gms | German Medical Science

10. Kongress für Infektionskrankheiten und Tropenmedizin (KIT 2010)

Deutsche Gesellschaft für Infektiologie,
Deutsche AIDS-Gesellschaft,
Deutsche Gesellschaft für Tropenmedizin und Internationale Gesundheit,
Paul-Ehrlich-Gesellschaft für Chemotherapie

23.06. - 26.06.2010, Köln

Prevalence of Pneumocystis jirovecii in HIV positive and HIV negative hospital patients in Cameroon

Prävalenz von Pneumocystis jirovecii in HIV-positiven und HIV-negativen Krankenhauspatienten in Kamerun

Meeting Abstract

  • D. Riebold - Universität Rostock, Tropenmedizin und Infektionskrankheiten, Rostock, Germany
  • D.O. Enoh - Universität Rostock, Tropenmedizin und Infektionskrankheiten, Rostock, Germany; Regional Hospital Limbe, Cameroon
  • M.K. Bumah - Regional Hospital Limbe, Cameroon
  • K. Keil - Universität Rostock, Tropenmedizin und Infektionskrankheiten, Rostock, Germany
  • M. Löbermann - Universität Rostock, Tropenmedizin und Infektionskrankheiten, Rostock, Germany
  • W. Akam - Regional Hospital Limbe, Cameroon
  • T.N. Kinge - Regional Hospital Limbe, Cameroon
  • C.J. Hemmer - Universität Rostock, Tropenmedizin und Infektionskrankheiten, Rostock, Germany
  • J.E. Eyong - Ministry of Public Health, Yaoundé, Cameroon
  • E.C. Reisinger - Universität Rostock, Tropenmedizin und Infektionskrankheiten, Rostock, Germany

10. Kongress für Infektionskrankheiten und Tropenmedizin (KIT 2010). Köln, 23.-26.06.2010. Düsseldorf: German Medical Science GMS Publishing House; 2010. DocTRO 03-4

DOI: 10.3205/10kit051, URN: urn:nbn:de:0183-10kit0514

Published: June 2, 2010

© 2010 Riebold et al.
This is an Open Access article distributed under the terms of the Creative Commons Attribution License (http://creativecommons.org/licenses/by-nc-nd/3.0/deed.en). You are free: to Share – to copy, distribute and transmit the work, provided the original author and source are credited.


Outline

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Objective: Except for South Africa, the prevalence of Pneumocystis jirovecii in African countries is almost unknown. Therefore, we analyzed sputa of HIV-positive and HIV-negative patients in a Cameroonian hospital for Pneumocystis jirovecii.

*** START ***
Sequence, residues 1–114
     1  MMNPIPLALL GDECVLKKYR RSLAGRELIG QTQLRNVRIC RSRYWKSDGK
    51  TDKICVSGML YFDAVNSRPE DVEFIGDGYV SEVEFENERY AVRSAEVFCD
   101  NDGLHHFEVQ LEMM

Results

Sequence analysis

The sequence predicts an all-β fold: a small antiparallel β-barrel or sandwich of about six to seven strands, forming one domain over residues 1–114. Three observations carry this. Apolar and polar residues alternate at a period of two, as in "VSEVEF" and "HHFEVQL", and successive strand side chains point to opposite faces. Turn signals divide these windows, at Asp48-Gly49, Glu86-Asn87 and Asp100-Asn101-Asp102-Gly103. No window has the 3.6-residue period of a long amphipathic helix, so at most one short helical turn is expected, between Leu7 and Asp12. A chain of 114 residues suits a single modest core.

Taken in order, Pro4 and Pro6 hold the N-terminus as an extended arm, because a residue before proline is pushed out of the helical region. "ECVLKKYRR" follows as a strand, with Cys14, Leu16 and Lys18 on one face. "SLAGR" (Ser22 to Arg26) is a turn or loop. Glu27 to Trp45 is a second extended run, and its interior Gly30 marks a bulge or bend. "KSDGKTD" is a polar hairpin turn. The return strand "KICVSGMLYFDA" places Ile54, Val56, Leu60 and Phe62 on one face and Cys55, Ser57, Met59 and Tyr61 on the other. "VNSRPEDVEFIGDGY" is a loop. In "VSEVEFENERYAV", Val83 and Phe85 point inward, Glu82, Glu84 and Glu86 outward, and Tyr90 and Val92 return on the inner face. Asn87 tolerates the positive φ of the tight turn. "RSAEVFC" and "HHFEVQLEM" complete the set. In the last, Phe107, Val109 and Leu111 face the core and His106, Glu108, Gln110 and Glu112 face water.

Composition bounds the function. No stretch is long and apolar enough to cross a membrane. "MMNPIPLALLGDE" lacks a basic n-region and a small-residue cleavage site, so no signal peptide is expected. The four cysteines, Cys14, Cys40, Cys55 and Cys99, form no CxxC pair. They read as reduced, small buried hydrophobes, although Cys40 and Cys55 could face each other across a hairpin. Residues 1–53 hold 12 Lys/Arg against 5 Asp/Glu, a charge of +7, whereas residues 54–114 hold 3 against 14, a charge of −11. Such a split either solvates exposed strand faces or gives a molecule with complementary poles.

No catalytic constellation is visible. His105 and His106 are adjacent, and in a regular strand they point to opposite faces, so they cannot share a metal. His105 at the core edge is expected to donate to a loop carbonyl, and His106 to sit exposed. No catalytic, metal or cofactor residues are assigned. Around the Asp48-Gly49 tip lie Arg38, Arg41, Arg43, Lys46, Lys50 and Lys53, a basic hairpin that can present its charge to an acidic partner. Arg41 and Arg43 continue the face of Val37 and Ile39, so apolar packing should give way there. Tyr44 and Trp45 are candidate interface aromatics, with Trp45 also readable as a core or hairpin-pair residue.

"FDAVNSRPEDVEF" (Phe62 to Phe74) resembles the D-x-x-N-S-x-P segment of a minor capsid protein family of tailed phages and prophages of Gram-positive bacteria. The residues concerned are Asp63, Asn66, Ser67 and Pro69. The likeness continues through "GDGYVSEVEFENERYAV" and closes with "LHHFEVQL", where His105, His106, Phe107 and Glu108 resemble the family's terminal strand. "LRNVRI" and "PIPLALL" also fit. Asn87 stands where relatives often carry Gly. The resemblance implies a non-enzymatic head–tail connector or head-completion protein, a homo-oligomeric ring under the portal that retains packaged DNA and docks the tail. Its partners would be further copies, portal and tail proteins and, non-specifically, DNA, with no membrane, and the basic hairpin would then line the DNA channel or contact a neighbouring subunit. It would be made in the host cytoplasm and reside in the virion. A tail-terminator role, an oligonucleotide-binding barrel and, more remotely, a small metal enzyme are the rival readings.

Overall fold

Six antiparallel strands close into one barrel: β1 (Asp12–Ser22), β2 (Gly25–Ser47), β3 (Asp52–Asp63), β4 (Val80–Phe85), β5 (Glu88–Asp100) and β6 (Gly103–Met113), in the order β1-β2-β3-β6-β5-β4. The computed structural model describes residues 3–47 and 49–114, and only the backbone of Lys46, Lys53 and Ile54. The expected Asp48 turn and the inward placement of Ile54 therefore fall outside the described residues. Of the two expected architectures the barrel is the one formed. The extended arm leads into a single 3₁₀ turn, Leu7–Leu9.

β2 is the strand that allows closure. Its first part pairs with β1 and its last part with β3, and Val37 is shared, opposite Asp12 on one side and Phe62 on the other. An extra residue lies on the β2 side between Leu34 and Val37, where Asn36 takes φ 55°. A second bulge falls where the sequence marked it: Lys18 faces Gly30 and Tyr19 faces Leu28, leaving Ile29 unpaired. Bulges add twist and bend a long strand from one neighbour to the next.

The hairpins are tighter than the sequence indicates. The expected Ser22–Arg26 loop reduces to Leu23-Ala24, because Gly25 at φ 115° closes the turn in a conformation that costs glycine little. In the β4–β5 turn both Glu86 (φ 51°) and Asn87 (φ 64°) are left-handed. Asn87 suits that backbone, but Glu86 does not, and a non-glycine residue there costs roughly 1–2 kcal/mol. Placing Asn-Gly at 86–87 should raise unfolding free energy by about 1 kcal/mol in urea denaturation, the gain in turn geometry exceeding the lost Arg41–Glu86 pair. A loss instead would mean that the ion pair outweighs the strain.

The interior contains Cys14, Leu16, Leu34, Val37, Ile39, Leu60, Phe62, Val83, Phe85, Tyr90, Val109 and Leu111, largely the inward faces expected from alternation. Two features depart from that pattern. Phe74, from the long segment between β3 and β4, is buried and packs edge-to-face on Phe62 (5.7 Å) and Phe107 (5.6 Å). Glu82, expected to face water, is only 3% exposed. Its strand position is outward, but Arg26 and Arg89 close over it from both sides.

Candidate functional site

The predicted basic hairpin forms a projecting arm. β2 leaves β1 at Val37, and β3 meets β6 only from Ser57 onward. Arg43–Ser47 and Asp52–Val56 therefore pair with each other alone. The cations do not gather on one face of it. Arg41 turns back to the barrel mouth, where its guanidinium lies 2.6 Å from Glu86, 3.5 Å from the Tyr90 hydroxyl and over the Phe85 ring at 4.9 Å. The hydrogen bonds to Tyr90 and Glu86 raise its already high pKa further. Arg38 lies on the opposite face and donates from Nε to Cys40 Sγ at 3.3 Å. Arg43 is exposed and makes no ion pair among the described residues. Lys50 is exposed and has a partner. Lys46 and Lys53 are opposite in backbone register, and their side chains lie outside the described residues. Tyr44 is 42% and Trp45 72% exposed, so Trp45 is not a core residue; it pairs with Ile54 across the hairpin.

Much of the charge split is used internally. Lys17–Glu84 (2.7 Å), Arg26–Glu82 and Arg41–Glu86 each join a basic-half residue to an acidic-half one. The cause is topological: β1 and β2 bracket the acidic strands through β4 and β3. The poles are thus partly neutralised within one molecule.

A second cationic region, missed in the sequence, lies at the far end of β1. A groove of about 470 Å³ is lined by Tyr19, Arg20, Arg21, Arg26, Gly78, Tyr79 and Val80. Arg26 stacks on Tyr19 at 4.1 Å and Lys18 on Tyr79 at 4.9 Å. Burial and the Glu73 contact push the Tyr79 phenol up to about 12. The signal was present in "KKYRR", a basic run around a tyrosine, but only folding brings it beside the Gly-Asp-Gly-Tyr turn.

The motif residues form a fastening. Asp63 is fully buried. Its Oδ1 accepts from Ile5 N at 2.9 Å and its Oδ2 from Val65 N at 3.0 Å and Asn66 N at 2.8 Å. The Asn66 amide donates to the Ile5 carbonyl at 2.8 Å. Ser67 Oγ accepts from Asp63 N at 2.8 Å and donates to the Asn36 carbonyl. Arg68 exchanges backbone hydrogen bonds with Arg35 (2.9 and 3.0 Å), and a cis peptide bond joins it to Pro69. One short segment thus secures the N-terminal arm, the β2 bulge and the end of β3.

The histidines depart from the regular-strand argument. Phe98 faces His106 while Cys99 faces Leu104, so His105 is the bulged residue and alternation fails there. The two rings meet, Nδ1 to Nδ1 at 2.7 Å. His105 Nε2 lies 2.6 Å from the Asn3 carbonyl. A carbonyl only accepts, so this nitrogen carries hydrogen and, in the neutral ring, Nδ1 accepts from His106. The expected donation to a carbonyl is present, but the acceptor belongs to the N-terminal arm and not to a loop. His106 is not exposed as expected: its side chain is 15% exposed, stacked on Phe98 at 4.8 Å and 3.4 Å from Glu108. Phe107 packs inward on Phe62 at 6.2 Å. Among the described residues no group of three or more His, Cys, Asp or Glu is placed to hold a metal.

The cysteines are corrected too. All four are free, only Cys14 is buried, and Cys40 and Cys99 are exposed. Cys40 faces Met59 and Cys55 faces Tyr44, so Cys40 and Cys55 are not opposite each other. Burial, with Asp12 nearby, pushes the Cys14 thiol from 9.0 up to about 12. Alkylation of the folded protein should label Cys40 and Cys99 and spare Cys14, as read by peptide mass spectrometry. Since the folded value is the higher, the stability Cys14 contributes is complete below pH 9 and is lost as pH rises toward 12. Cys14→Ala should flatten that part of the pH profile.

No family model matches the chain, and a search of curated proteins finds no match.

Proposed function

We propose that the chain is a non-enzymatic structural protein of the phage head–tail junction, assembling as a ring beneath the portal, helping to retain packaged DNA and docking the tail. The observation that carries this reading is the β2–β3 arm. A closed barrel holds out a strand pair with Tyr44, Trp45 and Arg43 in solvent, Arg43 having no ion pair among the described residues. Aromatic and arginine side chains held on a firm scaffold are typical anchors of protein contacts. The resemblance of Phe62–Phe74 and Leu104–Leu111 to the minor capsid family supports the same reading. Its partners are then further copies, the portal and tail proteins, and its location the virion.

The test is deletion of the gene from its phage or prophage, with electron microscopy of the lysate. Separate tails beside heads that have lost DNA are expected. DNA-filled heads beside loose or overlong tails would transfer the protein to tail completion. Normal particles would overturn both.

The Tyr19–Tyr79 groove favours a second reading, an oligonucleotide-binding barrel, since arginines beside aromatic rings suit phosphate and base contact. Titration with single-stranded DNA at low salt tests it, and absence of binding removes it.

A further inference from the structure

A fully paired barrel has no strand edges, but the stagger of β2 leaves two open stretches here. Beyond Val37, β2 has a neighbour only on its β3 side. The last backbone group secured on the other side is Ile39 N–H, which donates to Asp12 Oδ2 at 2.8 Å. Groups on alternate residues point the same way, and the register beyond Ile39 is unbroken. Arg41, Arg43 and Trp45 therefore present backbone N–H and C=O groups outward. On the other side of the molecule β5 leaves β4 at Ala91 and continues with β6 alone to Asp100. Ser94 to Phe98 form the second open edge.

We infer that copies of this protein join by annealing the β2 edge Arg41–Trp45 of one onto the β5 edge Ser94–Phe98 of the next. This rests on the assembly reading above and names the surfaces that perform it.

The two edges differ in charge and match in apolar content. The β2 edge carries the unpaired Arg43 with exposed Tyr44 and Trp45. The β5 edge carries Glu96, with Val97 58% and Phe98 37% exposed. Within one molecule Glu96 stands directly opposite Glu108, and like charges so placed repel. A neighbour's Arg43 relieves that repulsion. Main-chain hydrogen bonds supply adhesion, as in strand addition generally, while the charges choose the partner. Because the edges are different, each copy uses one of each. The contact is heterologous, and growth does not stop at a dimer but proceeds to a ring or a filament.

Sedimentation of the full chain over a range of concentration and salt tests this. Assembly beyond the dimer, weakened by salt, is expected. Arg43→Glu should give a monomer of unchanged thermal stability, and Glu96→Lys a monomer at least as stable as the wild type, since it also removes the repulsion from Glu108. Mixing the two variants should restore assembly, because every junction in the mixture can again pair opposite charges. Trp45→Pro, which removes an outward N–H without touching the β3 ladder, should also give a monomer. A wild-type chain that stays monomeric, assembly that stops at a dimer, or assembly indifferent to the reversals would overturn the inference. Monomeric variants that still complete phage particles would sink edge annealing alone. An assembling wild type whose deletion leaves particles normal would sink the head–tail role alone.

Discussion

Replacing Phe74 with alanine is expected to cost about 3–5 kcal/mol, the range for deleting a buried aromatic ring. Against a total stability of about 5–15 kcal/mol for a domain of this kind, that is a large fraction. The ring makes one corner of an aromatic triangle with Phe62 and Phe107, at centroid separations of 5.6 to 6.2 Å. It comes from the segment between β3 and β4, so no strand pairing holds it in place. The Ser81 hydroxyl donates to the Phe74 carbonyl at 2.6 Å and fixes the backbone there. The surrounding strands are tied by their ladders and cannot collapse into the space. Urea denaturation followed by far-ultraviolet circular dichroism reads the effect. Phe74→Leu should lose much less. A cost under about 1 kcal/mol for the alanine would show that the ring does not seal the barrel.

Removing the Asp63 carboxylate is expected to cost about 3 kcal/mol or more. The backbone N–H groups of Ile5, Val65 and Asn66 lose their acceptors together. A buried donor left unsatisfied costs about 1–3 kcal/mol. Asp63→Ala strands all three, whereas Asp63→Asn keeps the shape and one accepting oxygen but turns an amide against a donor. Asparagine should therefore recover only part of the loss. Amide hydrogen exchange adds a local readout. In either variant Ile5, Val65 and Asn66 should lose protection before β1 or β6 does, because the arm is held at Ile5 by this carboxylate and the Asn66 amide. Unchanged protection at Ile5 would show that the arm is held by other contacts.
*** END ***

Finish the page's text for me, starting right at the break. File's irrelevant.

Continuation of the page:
Methods: We examined induced sputum samples from 237 inpatients of the Regional Hospital Limbe (tertiary referral hospital for the Southwest Region of Cameroon) for the presence of Pneumocystis jirovecii (P. jirovecii). P. jirovecii was detected by mitochondrial transcribed large subunit rRNA gene nested PCR (mtLSU nPCR). The mtLSU nPCR allows to distinguish between low parasite loads (usually Pneumocystis colonization, only second PCR step positive) and high parasite loads (usually Pneumocystis pneumonia, first and second PCR step positive).

Results: 129 of 237 patients were HIV-positive and 108 were HIV-negative. Of the 129 HIV-positive patients, 108 (83.7%) had a cough. Of the 108 HIV-negative patients, 73 (67.6%) had a cough. P. jirovecii was detected in 53 of the HIV-positive (41.1%) and in 21 of the HIV-negative patients (19.4%) from Cameroon (p=0.0002). Overall, P. jirovecii DNA was detected in 75 of 237 (31.6%) patients. Cough was present in equal frequency in both groups.

Conclusions: To our knowledge, this is the first study describing the presence of P. jirovecii in Cameroon. Prevalence of P. jirovecii was approximately twice as high in HIV-positive patients, as in HIV-negative patients. Whether the P. jirovecii positive HIV patients were merely Pneumocystis carriers or had Pneumocystis pneumonia could not be judged conclusively. Testing of the isolates for Co-trimoxazole resistance is ongoing.